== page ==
Josh gets it.  Natural river levels fluctuate. Sometimes the river is low — sometimes it is high.  That’s what healthy rivers without dams do.

Finally, make certain to check out this fabulous video produced by N.C. State regarding the recent ecological history of the Little River following the dam removals.  If removing the dam was an environmental disaster — I’ll take another helping:


Firm Again Asks to Remove Neuse’s Milburnie Dam

Raleigh News and Observer

December 10, 2011

RALEIGH New plans are rising to demolish and remove the 15-foot Milburnie Dam, the last man-made barrier along the Neuse River between Falls Lake and Pamlico Sound.

Restoration Systems, the Raleigh-based firm seeking approval, argues that pulling down the dam will release more than 32,000 linear feet of water and return the Neuse to a more natural state.

In their prospectus submitted to the U.S. Army Corps of Engineers, they predict water quality will improve and migratory fish such as striped bass and American shad will get to swim and spawn farther upriver.

“If you just remove the dam, you open up a whole new world of habitat,” said Adam Riggsbee, consultant to Restoration Systems. “It’s almost instantaneous.”

But residents along the river see a grim future for the Neuse without the dam, which dates to 1855. Water levels would drop so drastically that Raleigh’s river would become a trickle, they say, spoiling the scenery just as the city is working to draw people there with greenways and pedestrian bridges.

They recall that the Corps turned down Restoration Systems last year, asking the firm to provide more data on the potential for draining wetlands and spreading toxic sediment.

“If they remove the dam, instead of having a nice beautiful river above the dam for the enjoyment of everyone, what we’re going to have is a meandering little muddy steam that you and I can wade across,” said James E. Smallwood, who lives just above the dam.

Meanwhile, the public has until Dec. 14 to comment.

Based in Raleigh, Restoration Systems has a long history of environmental mitigation banking, which means the firm does work to improve ecology and receives credits for that work. Those credits can then be sold to public and private developers doing construction projects that negatively impact wetlands.

As proposed, those credits could be used in a territory following the Neuse basin and its immediate surroundings, an area that stretches roughly from Person to Craven counties.

‘Decimated’ river

In recent years, Restoration Systems has taken out dams on the Deep and Little rivers nearby. Reviews are mixed.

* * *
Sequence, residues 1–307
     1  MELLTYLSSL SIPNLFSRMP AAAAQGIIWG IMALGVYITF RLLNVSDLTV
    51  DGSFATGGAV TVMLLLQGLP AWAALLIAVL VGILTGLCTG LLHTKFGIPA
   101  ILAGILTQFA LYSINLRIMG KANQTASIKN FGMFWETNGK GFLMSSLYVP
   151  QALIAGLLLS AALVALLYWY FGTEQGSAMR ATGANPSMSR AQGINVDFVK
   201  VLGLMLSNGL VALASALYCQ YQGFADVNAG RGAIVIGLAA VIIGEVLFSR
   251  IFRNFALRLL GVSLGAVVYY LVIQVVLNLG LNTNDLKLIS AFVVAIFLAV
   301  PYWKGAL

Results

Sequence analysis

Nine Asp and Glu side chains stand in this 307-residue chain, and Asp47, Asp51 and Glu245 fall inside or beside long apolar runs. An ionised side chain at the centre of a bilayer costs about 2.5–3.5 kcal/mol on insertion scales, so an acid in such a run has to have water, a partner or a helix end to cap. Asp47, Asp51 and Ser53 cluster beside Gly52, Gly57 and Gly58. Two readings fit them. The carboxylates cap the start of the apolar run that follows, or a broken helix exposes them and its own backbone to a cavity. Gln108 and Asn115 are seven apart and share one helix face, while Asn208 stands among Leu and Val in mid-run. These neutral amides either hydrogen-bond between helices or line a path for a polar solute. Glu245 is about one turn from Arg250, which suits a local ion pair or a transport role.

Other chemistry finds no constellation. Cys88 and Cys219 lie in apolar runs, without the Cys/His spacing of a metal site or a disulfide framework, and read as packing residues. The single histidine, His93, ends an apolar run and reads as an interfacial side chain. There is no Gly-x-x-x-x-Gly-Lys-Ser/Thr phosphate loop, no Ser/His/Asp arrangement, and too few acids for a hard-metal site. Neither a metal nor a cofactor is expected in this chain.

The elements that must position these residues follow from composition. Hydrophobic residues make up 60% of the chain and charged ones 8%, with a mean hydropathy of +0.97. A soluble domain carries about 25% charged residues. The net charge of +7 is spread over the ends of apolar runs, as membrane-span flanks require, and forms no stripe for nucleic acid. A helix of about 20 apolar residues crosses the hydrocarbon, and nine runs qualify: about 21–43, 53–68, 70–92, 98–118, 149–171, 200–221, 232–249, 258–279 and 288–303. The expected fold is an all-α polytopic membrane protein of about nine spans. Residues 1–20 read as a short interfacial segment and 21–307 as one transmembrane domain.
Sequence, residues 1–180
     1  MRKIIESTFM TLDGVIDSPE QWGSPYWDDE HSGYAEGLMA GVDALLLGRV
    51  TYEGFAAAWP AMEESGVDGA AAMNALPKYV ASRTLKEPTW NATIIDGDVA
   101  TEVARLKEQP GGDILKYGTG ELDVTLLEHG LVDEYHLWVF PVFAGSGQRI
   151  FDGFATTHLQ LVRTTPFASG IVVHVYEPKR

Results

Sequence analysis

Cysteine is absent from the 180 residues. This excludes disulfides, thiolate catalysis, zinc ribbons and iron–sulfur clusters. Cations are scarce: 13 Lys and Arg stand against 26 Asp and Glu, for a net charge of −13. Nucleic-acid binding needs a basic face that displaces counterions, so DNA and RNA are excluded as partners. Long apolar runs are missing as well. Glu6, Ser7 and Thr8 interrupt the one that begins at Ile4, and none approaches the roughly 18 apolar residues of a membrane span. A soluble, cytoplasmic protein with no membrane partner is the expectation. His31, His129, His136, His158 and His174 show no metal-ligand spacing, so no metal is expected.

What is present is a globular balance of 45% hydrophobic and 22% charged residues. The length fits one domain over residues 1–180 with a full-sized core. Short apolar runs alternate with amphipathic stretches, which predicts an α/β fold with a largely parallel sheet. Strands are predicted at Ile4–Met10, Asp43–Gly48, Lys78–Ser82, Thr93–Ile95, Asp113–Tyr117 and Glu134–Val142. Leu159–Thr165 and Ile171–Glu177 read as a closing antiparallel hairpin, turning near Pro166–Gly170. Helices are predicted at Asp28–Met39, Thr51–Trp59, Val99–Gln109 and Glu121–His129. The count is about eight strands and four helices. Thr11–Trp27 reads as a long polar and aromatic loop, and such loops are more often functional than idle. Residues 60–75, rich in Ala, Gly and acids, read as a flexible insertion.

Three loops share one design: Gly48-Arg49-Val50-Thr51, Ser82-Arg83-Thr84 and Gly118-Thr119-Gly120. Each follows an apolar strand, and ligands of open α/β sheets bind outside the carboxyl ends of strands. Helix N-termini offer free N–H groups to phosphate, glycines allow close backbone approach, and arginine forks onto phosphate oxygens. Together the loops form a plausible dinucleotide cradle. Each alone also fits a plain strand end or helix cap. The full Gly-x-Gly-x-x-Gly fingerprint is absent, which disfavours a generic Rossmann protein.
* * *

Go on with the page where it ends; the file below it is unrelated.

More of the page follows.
Kenly Mayor David Grady said the Little River is narrow and shallow enough to jump across within three miles of the spot where the dam was removed. “The fish that they were supposed to spawn were going to have to grow legs, because they dried the river up,” he said. “They absolutely decimated the river.”

On the Deep River near the Chatham-Lee county border, taking out the dam rid the river of oil slicks and algae blooms in the lake-like water, said Dick Harrison of the Deep River Parks Association.

“Everything has turned out very good for us,” he said. “The water quality, the fish, the wildlife. I actually had five teenagers baptized down there.”

The firm’s prospectus is more than six times longer than its 2010 proposal, and it addresses the wetlands concerns by estimating that roughly 11 acres would be threatened by removing the dam.

As to the sediments, Restoration Systems points to a study conducted in August by the U.S. Fish and Wildlife Service in Raleigh. Data from the study were not included in the firm’s prospectus, but a draft report of the findings was provided to The News & Observer.

Dr. Tom Augspurger, ecologist and contaminants specialist with the Fish and Wildlife Service, reported pollutants in the samples collected both above and below the dam were lower than the level of concern.

Also, he said pollutants in sediment below the dam were typically higher than above, concluding that removing the dam is unlikely to increase pollution downriver.

Upper Neuse Riverkeeper Alissa Bierma said she supports removing the dam to make the Neuse more free-flowing. But she thinks the area where mitigation credits could be used should be smaller.

If the Corps approves Restoration Systems’ prospectus for the Neuse, it would still have to issue a permit later. Taking out the dam, if approved, would take years. or 919-829-4818

Carbonton Dam removal: A 6th Anniversary Look Back

Hard Hat News, 2006. Demolition of the Carbonton Dam, by Gwen Laird Pernie